One of the most difficult assets to deal with is the family cottage when it comes to estate planning. When you think about it, the cottage may contain years of memories, children growing from toddlers to teens and then adults. The view, the serenity and the all the good times…no wonder it is hard to contemplate what will happen to this vision of Shangri La when one passes away. However, the family cottage needs careful attention when making an estate plan.
All those great memories are precisely why it is difficult to deal with or even contemplate a sale prior to death or at death. If a sale is not done, what will happen to the cottage? Here are some of the questions that often arise when cottage planning involves family members:
• Will the cottage have to be sold?
• If the cottage will not be sold what family members will be taking it over?
• Who will show on the title of the cottage?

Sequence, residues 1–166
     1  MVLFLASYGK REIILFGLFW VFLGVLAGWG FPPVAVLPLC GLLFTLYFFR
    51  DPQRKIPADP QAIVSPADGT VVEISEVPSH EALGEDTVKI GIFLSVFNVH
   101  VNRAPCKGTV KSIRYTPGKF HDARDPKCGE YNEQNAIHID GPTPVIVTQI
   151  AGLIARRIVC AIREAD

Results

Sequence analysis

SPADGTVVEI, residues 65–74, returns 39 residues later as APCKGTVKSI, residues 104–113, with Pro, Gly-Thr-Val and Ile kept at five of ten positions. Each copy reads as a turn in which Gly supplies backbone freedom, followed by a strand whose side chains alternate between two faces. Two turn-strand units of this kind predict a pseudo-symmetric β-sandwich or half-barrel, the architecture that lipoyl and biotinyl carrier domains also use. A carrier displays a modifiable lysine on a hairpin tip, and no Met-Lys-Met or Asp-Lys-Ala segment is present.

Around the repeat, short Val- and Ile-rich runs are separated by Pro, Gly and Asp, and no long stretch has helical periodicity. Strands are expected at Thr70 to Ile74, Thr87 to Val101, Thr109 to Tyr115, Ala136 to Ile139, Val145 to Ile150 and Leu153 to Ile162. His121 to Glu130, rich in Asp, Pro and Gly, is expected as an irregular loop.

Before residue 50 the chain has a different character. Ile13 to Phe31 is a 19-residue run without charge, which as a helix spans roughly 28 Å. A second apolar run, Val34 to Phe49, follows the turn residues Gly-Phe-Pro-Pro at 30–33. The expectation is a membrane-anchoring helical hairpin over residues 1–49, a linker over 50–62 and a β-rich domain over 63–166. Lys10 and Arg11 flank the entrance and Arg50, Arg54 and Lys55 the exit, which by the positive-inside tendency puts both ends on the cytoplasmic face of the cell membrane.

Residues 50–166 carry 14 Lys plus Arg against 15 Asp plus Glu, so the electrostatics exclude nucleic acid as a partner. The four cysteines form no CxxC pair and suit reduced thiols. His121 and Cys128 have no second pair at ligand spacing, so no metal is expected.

• Will some family members wish to buy out other family members?
• What are the tax ramifications of a sale at death or prior to death? Has there been planning for any tax liability that may arise?
• If the cottage is to remain in the family who will pay for repairs and maintenance? Will there have to be a trust set up to deal with ongoing costs and payment?
• Will everyone be able to agree on what type of maintenance is necessary and if not, how will the conflict be resolved?
• How will a schedule for use be done and what if there is disagreement?
And the list goes on and on. All of these questions can lead to family disputes. How will these disputes be resolved? Can the family sit down together prior to a parent becoming incapacitated or dying and hash out these issues? Sitting down to discuss it is of course the ideal scenario and removes surprises but who will lead the discussion? Do mom and dad feel comfortable about leading that type of discussion and how will they deal with any conflict that may arise?
All of these are really important questions and tough to focus on. Feeling overwhelmed in starting the discussion is truly understandable. Seeking a person that can facilitate the discussion is probably a step in the right direction. A mediator can help you face this challenge by laying out a game plan and working through the discussion. Having no plan leaves it all up to chance which is not a great outcome – maybe it will work or maybe not! Entering into a discussion that can walk you through a process and keep you on track will lead to a plan that will help preserve the family’s most cherished asset.